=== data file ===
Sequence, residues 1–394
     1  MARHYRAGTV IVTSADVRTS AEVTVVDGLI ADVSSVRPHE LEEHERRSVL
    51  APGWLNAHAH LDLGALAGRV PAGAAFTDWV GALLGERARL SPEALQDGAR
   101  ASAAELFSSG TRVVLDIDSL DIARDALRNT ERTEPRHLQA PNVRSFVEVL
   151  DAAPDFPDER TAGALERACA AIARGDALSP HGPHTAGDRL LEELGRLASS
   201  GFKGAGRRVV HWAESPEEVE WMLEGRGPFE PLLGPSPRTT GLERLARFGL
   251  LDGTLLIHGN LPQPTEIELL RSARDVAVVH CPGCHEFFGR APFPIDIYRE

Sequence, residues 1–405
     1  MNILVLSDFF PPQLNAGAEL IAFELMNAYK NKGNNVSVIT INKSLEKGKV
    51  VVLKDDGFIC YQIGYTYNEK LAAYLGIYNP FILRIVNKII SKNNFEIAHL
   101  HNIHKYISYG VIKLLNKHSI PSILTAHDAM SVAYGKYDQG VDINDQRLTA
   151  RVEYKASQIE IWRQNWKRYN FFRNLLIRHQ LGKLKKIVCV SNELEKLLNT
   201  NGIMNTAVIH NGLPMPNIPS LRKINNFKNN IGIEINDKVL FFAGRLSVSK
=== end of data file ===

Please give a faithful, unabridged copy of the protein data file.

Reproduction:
Sequence, residues 1–394
     1  MARHYRAGTV IVTSADVRTS AEVTVVDGLI ADVSSVRPHE LEEHERRSVL
    51  APGWLNAHAH LDLGALAGRV PAGAAFTDWV GALLGERARL SPEALQDGAR
   101  ASAAELFSSG TRVVLDIDSL DIARDALRNT ERTEPRHLQA PNVRSFVEVL
   151  DAAPDFPDER TAGALERACA AIARGDALSP HGPHTAGDRL LEELGRLASS
   201  GFKGAGRRVV HWAESPEEVE WMLEGRGPFE PLLGPSPRTT GLERLARFGL
   251  LDGTLLIHGN LPQPTEIELL RSARDVAVVH CPGCHEFFGR APFPIDIYRE

Sequence, residues 1–405
     1  MNILVLSDFF PPQLNAGAEL IAFELMNAYK NKGNNVSVIT INKSLEKGKV
    51  VVLKDDGFIC YQIGYTYNEK LAAYLGIYNP FILRIVNKII SKNNFEIAHL
   101  HNIHKYISYG VIKLLNKHSI PSILTAHDAM SVAYGKYDQG VDINDQRLTA
   151  RVEYKASQIE IWRQNWKRYN FFRNLLIRHQ LGKLKKIVCV SNELEKLLNT
   201  NGIMNTAVIH NGLPMPNIPS LRKINNFKNN IGIEINDKVL FFAGRLSVSK